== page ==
Hut to Hut Traverse

Carter Hut to Lonesome lake
19 mile brook, Great Gulf,  Madison Gulf, Gulfside, Westside, Crawford path,  Avalon, A-Z, Zealand trail, Twinway, Garfield ridge, Old Bridal Path, Lonesome Lake Trail
49 miles timed (53 miles total)

This summer has been one of the most active I have ever had to date. Since taking a summer position with the AMC I have hiked nearly 100 4000 foot peaks. At the beginning of the summer I had hope of completing 4 major challenges. They included single day hikes of; Wildcat – Moriah range, Presidential Traverse including Jackson, a Pemigewasset loop including Galehead, North Twin, and West Bond, and finally a Hut to Hut traverse. I was about to end the season with a bang…

My friend Declan would join me. He is the backcountry caretaker for Imp shelter. He also finished the 36 mile Pemi loop with me in July making him a strong hiker capable of the charge. I hiked up to Carter notch after dinner to meet Declan and get a few hours of sleep. We woke up at 12 AM and were hiking by 12:20.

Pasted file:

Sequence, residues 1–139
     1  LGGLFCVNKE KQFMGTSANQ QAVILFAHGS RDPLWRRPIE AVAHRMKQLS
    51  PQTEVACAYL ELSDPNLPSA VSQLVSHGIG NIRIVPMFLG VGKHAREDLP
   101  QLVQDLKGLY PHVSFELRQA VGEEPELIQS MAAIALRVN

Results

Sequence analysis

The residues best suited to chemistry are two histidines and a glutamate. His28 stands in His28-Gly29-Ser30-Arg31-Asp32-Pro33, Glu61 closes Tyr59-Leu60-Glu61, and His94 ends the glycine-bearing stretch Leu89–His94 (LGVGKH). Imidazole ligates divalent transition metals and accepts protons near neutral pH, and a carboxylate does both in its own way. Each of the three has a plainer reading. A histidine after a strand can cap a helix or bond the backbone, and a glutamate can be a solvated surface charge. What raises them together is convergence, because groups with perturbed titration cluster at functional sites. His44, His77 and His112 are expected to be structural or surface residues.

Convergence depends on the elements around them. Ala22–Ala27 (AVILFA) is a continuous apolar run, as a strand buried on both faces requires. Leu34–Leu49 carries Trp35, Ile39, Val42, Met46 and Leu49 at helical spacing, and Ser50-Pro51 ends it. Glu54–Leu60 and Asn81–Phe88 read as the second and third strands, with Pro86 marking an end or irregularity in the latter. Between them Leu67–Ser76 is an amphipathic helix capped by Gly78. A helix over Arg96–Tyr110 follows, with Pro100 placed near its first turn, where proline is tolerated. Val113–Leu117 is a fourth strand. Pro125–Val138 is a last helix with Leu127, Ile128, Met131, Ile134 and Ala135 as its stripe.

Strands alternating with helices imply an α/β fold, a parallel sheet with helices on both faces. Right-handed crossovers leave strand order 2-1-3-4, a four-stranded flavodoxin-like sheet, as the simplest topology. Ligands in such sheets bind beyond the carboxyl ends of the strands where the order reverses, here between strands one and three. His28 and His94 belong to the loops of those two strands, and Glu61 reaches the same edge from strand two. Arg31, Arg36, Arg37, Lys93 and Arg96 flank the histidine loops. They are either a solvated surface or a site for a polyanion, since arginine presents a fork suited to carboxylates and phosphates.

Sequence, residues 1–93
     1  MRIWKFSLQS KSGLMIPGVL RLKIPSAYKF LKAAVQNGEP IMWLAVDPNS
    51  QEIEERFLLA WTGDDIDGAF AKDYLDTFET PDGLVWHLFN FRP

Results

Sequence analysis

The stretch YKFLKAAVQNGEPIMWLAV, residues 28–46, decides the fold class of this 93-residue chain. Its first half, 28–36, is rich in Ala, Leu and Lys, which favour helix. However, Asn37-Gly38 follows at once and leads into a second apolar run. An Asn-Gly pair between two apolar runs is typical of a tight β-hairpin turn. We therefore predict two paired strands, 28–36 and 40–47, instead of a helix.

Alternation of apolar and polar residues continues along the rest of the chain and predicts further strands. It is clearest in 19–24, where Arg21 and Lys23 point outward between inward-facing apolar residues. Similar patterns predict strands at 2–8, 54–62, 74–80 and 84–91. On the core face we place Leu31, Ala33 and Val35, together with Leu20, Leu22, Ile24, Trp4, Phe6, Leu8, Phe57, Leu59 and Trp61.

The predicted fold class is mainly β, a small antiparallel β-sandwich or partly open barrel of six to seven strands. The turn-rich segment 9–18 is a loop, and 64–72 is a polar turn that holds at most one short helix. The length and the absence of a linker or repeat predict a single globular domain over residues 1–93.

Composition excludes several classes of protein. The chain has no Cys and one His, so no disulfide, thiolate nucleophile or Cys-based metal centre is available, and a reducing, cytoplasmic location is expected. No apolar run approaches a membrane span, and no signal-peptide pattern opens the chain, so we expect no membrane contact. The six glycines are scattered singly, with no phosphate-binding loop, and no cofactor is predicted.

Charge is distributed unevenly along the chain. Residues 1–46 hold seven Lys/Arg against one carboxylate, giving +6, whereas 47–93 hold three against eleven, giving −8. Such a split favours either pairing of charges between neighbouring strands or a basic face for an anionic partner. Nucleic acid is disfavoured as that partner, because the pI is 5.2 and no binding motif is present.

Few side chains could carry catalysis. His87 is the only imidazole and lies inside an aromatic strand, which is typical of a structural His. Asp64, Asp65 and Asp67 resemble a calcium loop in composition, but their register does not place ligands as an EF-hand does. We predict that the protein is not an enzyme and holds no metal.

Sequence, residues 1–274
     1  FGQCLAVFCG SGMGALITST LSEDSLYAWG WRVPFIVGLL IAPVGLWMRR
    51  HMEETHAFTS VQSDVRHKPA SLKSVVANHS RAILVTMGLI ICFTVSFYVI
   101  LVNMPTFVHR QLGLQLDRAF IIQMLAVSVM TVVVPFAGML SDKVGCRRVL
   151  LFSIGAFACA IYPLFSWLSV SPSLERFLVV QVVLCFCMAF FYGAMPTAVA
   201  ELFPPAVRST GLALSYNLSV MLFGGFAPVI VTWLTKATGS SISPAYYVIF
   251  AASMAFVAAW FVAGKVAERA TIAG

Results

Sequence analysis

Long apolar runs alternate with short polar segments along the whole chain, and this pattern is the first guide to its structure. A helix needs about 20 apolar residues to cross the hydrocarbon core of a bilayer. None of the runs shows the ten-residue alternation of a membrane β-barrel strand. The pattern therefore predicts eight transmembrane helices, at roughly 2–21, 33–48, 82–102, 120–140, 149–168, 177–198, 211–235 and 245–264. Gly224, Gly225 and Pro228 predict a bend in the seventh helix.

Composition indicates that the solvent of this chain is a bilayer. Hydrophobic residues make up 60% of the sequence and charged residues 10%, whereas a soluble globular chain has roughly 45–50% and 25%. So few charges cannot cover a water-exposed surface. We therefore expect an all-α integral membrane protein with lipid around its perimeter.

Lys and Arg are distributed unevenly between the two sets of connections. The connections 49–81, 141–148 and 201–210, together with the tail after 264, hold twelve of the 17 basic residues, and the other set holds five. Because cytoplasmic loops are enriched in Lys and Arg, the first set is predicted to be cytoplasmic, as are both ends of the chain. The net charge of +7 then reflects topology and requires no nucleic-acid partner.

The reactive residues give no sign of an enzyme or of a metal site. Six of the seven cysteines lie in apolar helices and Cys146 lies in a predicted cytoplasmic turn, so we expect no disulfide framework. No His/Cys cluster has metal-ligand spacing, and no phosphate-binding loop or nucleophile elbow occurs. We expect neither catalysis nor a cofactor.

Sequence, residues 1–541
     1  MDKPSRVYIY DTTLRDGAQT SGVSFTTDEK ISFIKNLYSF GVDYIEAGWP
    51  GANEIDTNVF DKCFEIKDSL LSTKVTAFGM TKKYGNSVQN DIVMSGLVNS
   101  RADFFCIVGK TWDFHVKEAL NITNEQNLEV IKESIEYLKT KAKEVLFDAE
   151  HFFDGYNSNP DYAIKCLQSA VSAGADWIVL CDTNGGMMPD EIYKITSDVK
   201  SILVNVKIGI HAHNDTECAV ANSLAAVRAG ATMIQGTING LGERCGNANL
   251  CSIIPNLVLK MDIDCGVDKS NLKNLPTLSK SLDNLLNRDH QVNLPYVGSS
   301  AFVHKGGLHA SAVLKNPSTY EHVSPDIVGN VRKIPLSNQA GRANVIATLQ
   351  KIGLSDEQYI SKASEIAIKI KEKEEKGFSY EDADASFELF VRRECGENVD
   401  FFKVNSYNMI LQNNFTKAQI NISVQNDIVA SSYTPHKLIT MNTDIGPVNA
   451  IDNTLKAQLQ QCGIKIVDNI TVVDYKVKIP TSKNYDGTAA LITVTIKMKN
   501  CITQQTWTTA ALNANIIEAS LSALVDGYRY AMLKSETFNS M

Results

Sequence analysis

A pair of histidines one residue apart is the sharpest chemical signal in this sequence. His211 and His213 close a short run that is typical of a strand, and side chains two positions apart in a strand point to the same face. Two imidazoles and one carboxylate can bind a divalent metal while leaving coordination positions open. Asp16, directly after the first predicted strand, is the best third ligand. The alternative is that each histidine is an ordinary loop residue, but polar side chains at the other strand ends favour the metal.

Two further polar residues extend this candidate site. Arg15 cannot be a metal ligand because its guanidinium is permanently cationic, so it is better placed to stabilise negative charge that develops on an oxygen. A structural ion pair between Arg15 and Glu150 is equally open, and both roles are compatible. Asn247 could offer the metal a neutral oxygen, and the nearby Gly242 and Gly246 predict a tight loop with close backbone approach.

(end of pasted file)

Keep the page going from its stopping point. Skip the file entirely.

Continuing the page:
Tagging Carter we started our journey. Easy enough going down 19 mile brook we were at the great gulf trailhead in no time. Soon we reached the Madison gulf trail. This was a bit more demanding especially in the darkness. Reaching over the headwall and reaching the Parapet trail was a relief. We soon tagged our second hut around 4 Am. I forgot my camera at the hut which will explain my lack of photos coupled with the need to stay focused. After Madison hut we skirted around Adams, Jefferson, and Washington as we watched the sunrise on what was already a warm morning. We would drinkers of water through the humid daylight hours. On this trip I brought 5 pro bars of which I would eat 3. A handful of clif bar gels and a few other snacks. That with any food the huts could provide seemed like enough for this trip, and it was.



We reached Lakes of the clouds hut shortly after 7. They had just had breakfast. Declan and I were given a well appreciated breakfast by the croo of eggs bacon and coffee cake. It was a huge shot in the arm. We hiked away well rejuvenated. Again skirting around Monroe, Eisenhower, and over Pierce. We stopped only for water at Mizpah. We reached Crawford notch around 11. 10.5 hours after our start time
We were nearly half way.


Over mount Tom and on the A-Z trail it started to rain. There were sounds of lightning in the distance but not too distant. The rain was perfectly timed on the hot muggy day. Saoken wet we reached Zealand hut where the croo gave us gator ade and more coffee cake. We were still going strong but fatigue was beginning to take hold. Onward to Galehead.